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Enhancing ethics through legislation

Enhancing ethics through legislation

The Auditing Profession Amendment (APA) Bill was issued by the Standing Committee on Finance (SCOF) for comments on 23 September 2020.  SAICA will be presenting their comments on the APA Bill at a parliamentary session on 14 October 2020.

The APA Bill deals with numerous issues including,

  • Requirements for the Independent Regulatory Board for Auditors (IRBA) Investigations Committee including the provision of subpoena rights to this committee;
  • The composition and functioning of the IRBA Board;
  • New sections dealing with the searching and entering of premises as well as the warrants to be obtained in such situations;
  • Disqualification grounds for registration as an auditor. 

The SAICA presentation to SCOF focuses on the disqualification grounds for registration as an auditor. Section 37(3(b) of the APA Bill states that, “the Regulatory Board may not register a person that has been convicted whether in the Republic or elsewhere of theft, fraud, forgery, uttering a forged document, perjury, an offence under the prevention of Corrupt Activities Act, an offence involving dishonesty; other than an offence committed prior to 27 April 1994 associated with political objectives.” 

In addition to the financial malfeasance mentioned above, SAICA is of the view that violent crimes should also be included in the disqualification criteria to register as an auditor. The underpinning characteristics in violent crimes often include disregard for both the rule of law as well as human life and such characteristics are undesirable and go against the ethical responsibilities of the auditing profession. 

Violent crime is a plague that continues to eat away at the moral fibre of the South African society. It places a huge resource (including financial resources) burden on the country’s health and law enforcement systems and the distrust that it fosters, robs citizens of the social cohesion required to build a united and prosperous nation. In addition to the state of national trauma and anxiety that violent crimes create, its consequences have a negative impact on how businesses operate and the allocation of capital by investors, therefore, hindering fiscal growth and economic development. Given that this is increasingly posing a threat to the development of the country, it is incumbent upon all stakeholders, including lawmakers and professional bodies such as SAICA, to collaborate and mobilise towards addressing the threat in a meaningful and strategic manner.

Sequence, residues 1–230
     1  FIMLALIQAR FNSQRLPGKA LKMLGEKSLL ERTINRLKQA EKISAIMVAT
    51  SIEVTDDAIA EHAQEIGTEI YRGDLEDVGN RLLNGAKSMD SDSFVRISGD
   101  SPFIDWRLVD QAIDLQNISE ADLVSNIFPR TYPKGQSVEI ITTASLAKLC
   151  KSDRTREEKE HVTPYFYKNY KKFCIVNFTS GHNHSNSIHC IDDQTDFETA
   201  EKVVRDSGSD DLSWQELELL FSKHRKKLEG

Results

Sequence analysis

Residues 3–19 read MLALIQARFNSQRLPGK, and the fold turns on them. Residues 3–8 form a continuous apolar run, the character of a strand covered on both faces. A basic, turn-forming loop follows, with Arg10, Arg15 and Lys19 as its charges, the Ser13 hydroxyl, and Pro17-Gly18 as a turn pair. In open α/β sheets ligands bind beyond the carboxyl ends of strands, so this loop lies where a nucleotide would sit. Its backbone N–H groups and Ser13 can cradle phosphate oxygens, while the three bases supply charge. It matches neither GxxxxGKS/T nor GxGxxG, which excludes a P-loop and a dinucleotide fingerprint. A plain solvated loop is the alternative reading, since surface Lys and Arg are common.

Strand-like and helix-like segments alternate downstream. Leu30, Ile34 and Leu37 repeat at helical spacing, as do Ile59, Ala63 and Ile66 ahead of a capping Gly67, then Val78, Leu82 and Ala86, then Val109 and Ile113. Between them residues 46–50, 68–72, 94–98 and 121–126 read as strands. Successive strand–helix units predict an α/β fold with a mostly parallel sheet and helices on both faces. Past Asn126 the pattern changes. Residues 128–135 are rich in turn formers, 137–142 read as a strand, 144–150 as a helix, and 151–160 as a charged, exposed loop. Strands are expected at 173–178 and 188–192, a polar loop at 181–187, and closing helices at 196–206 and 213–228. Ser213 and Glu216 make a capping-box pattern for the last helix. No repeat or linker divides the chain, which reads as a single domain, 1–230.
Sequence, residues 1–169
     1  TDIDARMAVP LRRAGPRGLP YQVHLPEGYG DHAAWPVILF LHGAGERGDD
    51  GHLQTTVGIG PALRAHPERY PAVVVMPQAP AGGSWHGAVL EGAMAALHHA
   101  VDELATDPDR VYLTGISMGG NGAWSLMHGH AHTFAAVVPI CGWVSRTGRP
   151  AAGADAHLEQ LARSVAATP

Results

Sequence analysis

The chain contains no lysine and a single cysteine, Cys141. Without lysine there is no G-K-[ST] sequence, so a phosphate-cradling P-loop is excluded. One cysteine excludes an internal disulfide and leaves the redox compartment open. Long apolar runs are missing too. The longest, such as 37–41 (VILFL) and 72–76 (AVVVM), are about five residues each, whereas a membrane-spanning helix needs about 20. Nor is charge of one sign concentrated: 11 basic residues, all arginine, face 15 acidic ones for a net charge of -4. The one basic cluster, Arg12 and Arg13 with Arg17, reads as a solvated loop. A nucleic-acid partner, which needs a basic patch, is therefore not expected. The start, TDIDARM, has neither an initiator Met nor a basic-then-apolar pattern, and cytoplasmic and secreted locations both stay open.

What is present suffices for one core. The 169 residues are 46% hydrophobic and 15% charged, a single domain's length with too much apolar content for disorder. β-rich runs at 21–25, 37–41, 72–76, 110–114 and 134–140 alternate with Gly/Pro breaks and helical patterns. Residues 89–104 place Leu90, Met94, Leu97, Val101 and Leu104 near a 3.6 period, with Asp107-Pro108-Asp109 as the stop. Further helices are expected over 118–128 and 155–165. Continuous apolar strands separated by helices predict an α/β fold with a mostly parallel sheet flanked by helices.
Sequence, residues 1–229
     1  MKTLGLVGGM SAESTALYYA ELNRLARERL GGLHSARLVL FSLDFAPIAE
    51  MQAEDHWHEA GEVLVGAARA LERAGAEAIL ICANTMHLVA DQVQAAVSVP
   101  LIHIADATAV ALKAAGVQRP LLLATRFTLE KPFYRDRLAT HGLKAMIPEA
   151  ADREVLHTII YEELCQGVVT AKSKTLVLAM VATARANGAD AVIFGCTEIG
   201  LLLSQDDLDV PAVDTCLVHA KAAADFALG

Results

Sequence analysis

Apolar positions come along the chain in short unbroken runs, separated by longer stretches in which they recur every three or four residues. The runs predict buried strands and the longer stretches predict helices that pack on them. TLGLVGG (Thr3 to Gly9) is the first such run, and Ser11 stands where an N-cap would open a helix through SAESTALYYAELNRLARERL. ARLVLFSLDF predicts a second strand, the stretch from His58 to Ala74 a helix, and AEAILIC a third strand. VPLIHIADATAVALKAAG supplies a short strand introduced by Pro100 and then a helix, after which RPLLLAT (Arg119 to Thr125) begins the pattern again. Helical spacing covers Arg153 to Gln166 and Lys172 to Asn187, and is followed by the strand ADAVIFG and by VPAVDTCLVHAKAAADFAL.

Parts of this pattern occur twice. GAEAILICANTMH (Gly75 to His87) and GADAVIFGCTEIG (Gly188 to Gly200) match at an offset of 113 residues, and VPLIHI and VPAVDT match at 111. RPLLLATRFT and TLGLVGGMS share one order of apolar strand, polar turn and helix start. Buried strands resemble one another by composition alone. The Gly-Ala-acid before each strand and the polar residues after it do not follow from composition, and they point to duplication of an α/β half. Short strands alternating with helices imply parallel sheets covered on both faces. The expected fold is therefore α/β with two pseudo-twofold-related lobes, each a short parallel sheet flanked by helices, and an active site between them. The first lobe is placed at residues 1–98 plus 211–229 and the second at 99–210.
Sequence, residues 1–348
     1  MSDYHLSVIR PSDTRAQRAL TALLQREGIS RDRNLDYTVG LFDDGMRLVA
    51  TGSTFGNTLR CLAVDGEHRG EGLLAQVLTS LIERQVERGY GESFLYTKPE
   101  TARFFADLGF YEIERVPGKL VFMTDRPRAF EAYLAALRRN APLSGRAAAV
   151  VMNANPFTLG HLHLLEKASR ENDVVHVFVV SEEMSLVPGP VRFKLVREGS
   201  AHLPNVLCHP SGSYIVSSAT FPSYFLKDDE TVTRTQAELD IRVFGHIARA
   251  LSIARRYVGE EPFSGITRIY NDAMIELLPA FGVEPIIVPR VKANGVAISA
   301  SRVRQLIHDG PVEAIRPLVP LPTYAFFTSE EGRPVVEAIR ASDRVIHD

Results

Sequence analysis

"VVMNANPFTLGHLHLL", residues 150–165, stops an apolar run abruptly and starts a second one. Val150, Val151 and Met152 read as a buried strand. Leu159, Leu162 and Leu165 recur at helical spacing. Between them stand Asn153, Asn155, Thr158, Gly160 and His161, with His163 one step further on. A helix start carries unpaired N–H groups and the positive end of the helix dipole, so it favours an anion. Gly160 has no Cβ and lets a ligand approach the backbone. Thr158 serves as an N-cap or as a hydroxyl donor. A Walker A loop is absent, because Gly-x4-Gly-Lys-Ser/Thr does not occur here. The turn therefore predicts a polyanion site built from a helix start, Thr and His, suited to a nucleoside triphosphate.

The purpose of the law is to secure the common good of South Africa’s citizens and legislation is a tool that can be used to effect change in a society towards that common good. Perpetrators of violent crimes, through their actions, act against the interests of the public, therefore failing in their duties as professionals.

It is in this light that SAICA believes that the current scope of disqualification to only include financial malfeasance in the APA Bill is too narrow. This should be expanded to disqualify or remove auditors where the person has been:

(a)    Convicted of any violent crime with no option of a fine; or

(b)   Where there was an option for a fine the IRBA should have discretion.

SAICA is also in the process of recommending an amendment in its by-laws to apply the same requirement to all SAICA members as well.

Conclusion

The scourge of violence is dehumanising the face of the South African society and robbing a young generation of the opportunity to grow up in a healthy and safe environment. SAICA, as a leader in the accountancy profession, encourages all of its members and stakeholders to be responsible citizens and to contribute in these discussions within their various areas of influence.